History of the Meriden Historical Society, Inc.
The Meriden Historical Society, Inc., a non-profit corporation, acts as the official historian of the City of Meriden, Connecticut. The administrative body of the Society, its officers and directors, is composed entirely of unpaid volunteers. The Society maintains a close working relationship with the Meriden Public Library, the Greater Meriden Chamber of Commerce, and local church historians. The Society is a member of The Connecticut Historical Society
1892, Dec 13
The Society was organized by Levi Coe.
The Society became inactive. No building available.
The Moses Andrews homestead was acquired by the City of Meriden.
The Homestead was renovated as a WPA project and used as a kindergarten & museum.
The Moses Andrews Homestead Society was formed and the Historical Society was reactivated.
The Homestead was turned over to the city for use as a daycare center.
1952, April 3
The Meriden Historical Society became active and the Homestead was restored.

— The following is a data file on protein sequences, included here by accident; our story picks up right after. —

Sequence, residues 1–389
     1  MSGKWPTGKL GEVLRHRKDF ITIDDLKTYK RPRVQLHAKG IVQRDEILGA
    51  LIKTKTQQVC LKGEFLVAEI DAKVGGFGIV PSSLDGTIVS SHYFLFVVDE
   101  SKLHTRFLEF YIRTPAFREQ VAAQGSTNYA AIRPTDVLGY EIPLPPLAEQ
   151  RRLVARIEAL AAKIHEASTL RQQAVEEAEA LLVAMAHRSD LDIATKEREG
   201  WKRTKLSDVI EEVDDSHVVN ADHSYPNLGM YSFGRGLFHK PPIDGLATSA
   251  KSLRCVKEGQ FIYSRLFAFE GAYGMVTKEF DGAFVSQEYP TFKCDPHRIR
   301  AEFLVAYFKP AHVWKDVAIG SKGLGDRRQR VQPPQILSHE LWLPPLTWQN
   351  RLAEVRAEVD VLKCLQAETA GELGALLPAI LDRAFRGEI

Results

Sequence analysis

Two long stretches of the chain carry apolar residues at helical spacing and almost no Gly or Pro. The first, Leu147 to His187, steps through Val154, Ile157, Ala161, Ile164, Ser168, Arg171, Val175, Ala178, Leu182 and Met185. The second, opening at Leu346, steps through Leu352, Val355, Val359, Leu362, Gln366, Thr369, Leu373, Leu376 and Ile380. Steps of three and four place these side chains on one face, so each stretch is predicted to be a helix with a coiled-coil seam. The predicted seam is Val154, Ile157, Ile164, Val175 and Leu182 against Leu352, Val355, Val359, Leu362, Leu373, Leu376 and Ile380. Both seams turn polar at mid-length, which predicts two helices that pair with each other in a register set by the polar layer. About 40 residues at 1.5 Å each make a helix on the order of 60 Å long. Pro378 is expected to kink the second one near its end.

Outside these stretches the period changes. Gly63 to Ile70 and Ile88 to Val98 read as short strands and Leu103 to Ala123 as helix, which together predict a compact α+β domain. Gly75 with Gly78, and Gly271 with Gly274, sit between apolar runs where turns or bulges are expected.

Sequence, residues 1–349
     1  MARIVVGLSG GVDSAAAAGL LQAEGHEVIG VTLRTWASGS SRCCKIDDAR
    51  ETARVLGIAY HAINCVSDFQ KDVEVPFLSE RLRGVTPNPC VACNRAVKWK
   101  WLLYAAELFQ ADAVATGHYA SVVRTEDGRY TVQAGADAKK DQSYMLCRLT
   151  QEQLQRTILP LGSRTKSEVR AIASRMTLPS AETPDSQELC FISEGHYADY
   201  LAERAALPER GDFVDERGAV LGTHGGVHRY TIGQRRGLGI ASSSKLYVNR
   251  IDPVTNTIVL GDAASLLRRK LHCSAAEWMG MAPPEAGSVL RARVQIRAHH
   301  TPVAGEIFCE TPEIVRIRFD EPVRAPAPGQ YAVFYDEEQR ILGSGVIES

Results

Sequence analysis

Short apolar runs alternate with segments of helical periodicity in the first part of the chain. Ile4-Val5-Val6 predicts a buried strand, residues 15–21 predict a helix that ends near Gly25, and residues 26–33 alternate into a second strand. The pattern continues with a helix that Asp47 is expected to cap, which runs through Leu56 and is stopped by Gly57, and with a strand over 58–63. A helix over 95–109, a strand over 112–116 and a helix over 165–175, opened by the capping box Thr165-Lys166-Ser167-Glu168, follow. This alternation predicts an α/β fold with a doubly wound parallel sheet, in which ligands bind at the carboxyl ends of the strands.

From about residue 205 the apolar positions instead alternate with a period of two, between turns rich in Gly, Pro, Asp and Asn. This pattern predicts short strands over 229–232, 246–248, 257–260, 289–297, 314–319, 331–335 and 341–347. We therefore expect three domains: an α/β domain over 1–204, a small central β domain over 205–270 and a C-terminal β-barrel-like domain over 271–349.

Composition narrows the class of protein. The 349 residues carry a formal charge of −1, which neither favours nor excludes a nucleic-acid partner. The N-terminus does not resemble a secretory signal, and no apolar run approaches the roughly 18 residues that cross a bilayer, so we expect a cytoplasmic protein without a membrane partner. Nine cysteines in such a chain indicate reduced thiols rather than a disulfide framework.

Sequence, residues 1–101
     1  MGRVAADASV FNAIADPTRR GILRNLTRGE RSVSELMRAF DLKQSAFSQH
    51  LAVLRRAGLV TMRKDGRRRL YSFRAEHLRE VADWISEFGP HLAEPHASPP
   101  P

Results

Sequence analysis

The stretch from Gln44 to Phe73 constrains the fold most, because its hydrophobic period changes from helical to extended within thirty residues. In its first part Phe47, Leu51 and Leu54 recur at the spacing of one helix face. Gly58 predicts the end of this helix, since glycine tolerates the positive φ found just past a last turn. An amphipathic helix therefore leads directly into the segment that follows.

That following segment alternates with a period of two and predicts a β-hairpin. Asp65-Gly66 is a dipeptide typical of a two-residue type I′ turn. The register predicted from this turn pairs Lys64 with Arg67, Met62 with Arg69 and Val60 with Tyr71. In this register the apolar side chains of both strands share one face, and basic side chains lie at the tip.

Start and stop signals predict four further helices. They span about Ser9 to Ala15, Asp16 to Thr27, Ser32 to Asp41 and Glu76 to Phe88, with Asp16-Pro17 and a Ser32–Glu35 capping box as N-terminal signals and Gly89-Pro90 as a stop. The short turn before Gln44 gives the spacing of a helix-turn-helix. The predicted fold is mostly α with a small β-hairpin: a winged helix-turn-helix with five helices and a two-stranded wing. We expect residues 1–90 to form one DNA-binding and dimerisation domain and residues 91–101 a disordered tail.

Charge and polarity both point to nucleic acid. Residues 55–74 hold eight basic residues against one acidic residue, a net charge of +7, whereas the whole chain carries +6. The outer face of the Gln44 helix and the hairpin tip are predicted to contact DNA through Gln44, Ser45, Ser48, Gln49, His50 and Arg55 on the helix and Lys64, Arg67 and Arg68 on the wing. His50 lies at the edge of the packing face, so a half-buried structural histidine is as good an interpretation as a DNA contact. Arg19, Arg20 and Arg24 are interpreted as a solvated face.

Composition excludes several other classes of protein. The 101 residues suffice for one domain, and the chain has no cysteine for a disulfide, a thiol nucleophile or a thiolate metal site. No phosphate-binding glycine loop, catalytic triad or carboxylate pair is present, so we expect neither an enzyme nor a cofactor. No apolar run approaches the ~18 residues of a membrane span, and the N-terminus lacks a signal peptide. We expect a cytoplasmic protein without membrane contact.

Meriden circa 1868
Broad Street looking north,
1953, August 2
The Society leased the Homestead from the City for $1.00 per year.
The Andrews Homestead was put on The National Register of Historic Places.
The International Silver Company collection of artifacts and publications was deeded to the Society.
The application to the City of Meriden to add an addition at the Society expense was denied.
A branch office building at 540 West Main Street was purchased from the Connecticut National Bank to house the records and publications used for historical research.
The West Main building was sold and a larger one at 1090 Hanover St. was purchased.
The barn at the Morehouse Research Center renovated for archival storage.
The Society purchased 39-41 West Main, now 41 West Main Street, downtown Meriden.
Meriden Historical society hired Michael J. Zaffino as their first paid administrator.
41 West Main Street is named Meriden Historical Society Museum & History Center and opened to the public with an April Grand Opening Event.